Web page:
6
$\begingroup$

(moved from Aviation)

The question Did the Space Shuttle boat tail used in the transport configuration save fuel? about the Shuttle boat tail prompted me to wonder how it was transported back to the west coast of the USA after shuttles had been piggybacked to Florida. I would assume it to be quite lightweight, but bulky. Would they have put it on a cargo plane, sent it via boat, or sent it on truck trailer? The rear of the shuttle shows to be 22 feet wide, so the boat tail of equivalent width would definitely take some care to send it via roads, if that's how they did it.

Also, as a followup question, how many boat tails were manufactured/used?

$\endgroup$
  • 1
    $\begingroup$ I recall, but cannot find anything to confirm, that it was flown via the Guppy $\endgroup$ – Tristan May 21 at 20:00
12
$\begingroup$

There were two tailcones. For a long time there was only one, but when Endeavour was built with a drag chute, it required a mod to accommodate that since the drag chute box was at the base of the vertical tail. The opportunity was taken to build a second tailcone.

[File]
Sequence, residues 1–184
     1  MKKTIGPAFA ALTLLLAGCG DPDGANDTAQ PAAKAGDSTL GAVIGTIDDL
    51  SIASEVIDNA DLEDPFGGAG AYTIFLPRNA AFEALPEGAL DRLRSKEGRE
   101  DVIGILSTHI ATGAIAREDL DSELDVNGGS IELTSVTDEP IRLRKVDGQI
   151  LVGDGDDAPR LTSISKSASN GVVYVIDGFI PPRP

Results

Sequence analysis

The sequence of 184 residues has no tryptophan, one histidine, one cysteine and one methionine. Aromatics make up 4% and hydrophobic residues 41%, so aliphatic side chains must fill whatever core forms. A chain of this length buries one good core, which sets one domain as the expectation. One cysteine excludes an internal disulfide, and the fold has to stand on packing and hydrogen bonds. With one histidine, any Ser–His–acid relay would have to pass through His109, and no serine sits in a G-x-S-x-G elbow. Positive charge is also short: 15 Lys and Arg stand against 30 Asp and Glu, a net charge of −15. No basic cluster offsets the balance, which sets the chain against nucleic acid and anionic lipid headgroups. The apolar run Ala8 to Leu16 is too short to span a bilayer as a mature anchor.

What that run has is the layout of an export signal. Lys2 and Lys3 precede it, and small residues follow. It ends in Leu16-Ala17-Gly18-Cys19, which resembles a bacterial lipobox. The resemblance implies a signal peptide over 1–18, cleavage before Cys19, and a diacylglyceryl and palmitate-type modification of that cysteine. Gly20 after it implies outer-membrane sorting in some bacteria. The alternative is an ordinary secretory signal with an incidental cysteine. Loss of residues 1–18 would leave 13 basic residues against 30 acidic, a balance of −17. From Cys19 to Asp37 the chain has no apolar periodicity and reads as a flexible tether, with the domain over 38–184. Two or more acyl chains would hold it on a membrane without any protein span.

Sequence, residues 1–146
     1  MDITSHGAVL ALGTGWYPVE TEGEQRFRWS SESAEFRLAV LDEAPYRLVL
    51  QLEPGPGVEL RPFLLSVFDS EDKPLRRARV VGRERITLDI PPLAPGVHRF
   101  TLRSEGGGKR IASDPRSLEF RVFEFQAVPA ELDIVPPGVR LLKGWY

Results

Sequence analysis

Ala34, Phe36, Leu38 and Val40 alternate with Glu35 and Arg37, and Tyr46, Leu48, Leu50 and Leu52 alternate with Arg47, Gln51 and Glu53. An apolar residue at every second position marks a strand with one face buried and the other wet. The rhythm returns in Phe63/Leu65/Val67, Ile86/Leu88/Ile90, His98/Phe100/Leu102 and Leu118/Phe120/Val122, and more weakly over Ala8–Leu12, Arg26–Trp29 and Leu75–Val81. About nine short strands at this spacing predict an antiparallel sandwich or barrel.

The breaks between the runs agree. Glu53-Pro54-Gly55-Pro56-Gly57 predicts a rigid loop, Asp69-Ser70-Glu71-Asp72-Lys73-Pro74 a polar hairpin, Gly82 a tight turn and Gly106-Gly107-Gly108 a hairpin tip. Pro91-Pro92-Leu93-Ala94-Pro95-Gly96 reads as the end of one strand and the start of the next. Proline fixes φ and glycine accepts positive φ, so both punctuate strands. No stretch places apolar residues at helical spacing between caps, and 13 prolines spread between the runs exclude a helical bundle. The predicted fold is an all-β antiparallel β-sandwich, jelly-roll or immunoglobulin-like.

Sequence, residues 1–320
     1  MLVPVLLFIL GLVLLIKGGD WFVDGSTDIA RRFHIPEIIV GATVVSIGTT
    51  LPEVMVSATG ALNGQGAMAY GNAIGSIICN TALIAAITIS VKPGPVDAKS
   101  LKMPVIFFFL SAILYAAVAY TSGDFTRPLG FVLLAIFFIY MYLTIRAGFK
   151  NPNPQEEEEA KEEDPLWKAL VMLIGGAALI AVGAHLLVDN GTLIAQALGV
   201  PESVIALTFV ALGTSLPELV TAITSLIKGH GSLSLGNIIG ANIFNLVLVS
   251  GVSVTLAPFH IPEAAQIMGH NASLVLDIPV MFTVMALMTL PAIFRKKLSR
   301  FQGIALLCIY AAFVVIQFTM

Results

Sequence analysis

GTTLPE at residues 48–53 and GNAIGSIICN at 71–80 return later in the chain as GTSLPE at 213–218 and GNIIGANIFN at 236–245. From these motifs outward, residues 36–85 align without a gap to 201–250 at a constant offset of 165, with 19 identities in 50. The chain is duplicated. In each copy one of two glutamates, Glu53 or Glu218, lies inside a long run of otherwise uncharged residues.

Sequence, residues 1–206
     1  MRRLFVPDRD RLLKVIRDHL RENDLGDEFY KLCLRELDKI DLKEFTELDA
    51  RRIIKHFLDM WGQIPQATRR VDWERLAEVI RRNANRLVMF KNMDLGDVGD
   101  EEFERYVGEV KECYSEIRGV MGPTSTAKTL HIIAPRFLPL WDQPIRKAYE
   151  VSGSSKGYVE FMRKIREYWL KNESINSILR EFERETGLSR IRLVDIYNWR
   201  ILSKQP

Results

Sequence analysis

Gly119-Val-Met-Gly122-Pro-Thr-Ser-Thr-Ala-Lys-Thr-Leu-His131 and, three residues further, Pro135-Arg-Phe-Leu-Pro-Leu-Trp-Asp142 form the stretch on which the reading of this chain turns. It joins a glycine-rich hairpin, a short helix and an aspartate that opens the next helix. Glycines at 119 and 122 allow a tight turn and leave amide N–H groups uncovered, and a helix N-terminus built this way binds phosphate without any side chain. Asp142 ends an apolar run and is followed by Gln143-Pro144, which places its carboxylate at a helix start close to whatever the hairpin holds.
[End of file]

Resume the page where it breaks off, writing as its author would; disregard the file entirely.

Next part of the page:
The tailcones broke down into six pieces. They were shipped back to Dryden by truck. They weigh almost 6000 lbs (~2.7t) without the shipping containers.

Sources

Incidentally, I never heard them called boat-tails in ops. Boat-tail was reserved for the section of the Orbiter aft of the payload bay doors. We called them "tailcones" or "tail cones".

for example:

Late in the summer of 1976, Rockwell mounted three dummy SSMEs in the rearmost section of the orbiter (the “boattail"); the simulated SSMEs were fabricated by Rockwell’s Rocketdyne Division at Air Force Plant (AFP) 56 in CanogaPark, California.

Source

$\endgroup$

Your Answer

By clicking “Post Your Answer”, you agree to our terms of service, privacy policy and cookie policy

Not the answer you're looking for? Browse other questions tagged or ask your own question.